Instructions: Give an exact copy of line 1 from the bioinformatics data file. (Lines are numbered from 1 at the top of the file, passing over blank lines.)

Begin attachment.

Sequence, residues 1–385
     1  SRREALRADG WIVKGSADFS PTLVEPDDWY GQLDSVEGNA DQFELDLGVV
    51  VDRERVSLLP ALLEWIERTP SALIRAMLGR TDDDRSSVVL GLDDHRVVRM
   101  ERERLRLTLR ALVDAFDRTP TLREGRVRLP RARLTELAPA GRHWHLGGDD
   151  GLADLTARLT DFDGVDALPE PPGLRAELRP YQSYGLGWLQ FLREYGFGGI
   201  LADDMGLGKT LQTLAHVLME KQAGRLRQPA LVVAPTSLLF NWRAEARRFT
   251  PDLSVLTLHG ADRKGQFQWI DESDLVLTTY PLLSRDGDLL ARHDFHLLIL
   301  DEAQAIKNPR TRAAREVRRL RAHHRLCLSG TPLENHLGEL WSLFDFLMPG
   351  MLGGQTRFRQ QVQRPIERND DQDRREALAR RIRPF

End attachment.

Sequence, residues 1–385